Quotable: “Tommy is the grittiest dude I have ever coached,” Hawke’s assistant coach Chris Vogler from Reagan High School told The Winston-Salem Journal. “Give me nine Tommy Hawkes and I won’t lose many games.”

Round 7, 218th overall: Alex Mooney, SS, Duke University
Notable Skill: Speed. Mooney has above-average arm strength that could be his best tool, but we’ll focus on his speed. The righty hitter has good instincts on the basepaths and in just two seasons with Duke, he’s moved into 22nd place in school history with 33 career stolen bases, 21 of which came in ’23 -- a team high.

Fun Fact: Mooney was the top prospect in Michigan coming out of high school in 2021. He drew interest from big league clubs and had the possibility of being a top-two-round pick, but ended up going undrafted because of his commitment to Duke. He earned Michigan Mr. Baseball and Perfect Game/Rawlings Michigan High School Player of the Year.

Quotable: “Alex has a really nice, all-around tool set, skill set, instincts and a really good feel to play the game” Gillispie said. “He has the ability to bring the barrel to the ball with a lot of regularity.”

Round 8, 248th overall: Jonah Advincula, OF, Washington State University
Notable Skill: Speed. The Guardians have gone on a tear with drafting speedy position players. After transferring from Redlands University (a Division III school), Advincula had 24 stolen bases for Washington State this year – the most for the school since 1996. He was only caught stealing twice.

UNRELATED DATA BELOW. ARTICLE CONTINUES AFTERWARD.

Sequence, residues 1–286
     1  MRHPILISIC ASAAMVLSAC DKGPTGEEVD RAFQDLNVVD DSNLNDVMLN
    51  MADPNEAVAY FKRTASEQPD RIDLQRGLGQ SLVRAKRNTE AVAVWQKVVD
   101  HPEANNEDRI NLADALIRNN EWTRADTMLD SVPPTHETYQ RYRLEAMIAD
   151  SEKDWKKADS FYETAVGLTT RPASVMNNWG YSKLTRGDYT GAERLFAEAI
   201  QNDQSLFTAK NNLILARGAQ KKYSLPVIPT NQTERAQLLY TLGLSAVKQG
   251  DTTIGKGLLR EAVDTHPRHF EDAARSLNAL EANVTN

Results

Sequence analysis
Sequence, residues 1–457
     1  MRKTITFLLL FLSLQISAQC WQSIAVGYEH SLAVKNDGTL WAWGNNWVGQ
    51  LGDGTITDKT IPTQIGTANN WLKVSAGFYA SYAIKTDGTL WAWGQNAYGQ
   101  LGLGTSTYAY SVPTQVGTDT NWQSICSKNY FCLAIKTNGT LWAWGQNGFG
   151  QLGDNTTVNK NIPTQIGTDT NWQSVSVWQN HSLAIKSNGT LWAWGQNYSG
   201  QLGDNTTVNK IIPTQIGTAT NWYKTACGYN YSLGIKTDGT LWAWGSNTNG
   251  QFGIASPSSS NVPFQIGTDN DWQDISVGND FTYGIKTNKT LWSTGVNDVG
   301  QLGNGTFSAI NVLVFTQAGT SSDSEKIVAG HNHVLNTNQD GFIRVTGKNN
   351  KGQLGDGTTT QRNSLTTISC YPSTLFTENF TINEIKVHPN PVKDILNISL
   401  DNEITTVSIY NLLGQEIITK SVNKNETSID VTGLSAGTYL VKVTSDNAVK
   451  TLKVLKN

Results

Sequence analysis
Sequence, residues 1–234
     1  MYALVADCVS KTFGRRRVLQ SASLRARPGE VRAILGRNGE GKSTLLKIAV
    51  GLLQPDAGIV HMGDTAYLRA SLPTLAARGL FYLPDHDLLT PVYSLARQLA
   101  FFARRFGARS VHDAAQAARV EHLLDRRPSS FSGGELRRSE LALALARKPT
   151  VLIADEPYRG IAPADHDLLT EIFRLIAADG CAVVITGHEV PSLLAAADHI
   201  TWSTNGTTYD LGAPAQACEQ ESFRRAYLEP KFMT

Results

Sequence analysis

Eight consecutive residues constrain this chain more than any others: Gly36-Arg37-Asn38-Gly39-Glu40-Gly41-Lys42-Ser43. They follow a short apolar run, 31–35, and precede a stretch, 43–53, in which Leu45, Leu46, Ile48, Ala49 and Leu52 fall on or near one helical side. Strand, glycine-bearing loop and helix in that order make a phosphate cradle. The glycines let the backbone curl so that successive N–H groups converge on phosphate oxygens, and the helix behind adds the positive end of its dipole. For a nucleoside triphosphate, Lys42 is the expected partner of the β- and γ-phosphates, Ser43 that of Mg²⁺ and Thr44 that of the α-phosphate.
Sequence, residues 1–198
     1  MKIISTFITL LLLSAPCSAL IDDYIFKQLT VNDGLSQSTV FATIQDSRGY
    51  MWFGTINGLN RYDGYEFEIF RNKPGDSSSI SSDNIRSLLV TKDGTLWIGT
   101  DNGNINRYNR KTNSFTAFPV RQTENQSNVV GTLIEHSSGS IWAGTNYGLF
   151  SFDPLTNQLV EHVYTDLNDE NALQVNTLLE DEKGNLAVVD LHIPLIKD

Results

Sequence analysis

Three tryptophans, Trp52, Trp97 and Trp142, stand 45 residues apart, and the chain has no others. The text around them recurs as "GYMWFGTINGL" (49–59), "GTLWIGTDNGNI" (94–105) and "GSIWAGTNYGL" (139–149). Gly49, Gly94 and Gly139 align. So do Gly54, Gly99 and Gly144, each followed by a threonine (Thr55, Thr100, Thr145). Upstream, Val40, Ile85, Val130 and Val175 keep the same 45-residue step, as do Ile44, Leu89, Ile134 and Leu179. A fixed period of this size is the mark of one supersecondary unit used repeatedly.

Fun Fact: As a senior at Archbishop Mitty High School (Calif.), Advincula was named the West Catholic Athletic League Scholar-Athlete of the Year. Along with his baseball honors, he was also named All-WCAL second-team in football.

Quotable: “It’s one of those things where you might have some questions about a player in terms of how they might handle some of that more advanced competition,” Gillispie said of Advincula’s jump from Division III. “With the season he had, he answered those questions and rang the bell, so to speak. … He went out and proved that he was able to handle some of that high-level competition.”

Round 9, 278th overall: Jay Driver, RHP, Harvard University
Notable Skill: His slider. Driver was a reliever in ’22 and was able to see more velocity in his heater, topping out at 97 mph. But as a starter this year, his velocity dropped down to 91 mph and he was able to lean on his low-80s slider that missed bats at an impressive rate from his low-slot delivery. He recorded 69 strikeouts in 67 1/3 innings.

Fun Fact: Driver didn’t throw a college pitch until 2022 because the Ivy League canceled the ’21 season due to the COVID-19 pandemic. He had just two years to put himself on the map and did so by earning first team All-Ivy honors out of the ‘pen.

Quotable: “He started and relieved at Harvard,” Gillispie said. “He was a starter this year, so we’re looking forward to partnering with him when he gets to the organization to see what the best way to deploy him is.”

Round 10, 308th overall: Matt Wilkinson, LHP, Central Arizona College
Notable Skill: Missing bats. Wilkinson didn’t need much velocity to rack up the strikeouts with Central Arizona College. His fastball only reaches the low 90s but it’s his best offering, as it played a large role in the lefty fanning 136 batters in 84 innings this past season.

Fun Fact: In 2015, Wilkinson pitched for Team Canada in the Little League World Series in Williamsport, Pa. In his team’s opening game of the tournament, Wilkinson was on the mound and struck out 16 batters in just five innings against Team Mexico. Canada ended up losing the game, 1-0.

Quotable: “His ability to get guys to swing and miss, and gets a lot of strikeouts despite not throwing too hard,” Central Arizona College head coach Anthony Gilich told The Daily Sentinel last year. “He’s a lovable guy and a fun guy to be around. As a performer, he’s just a good pitcher.”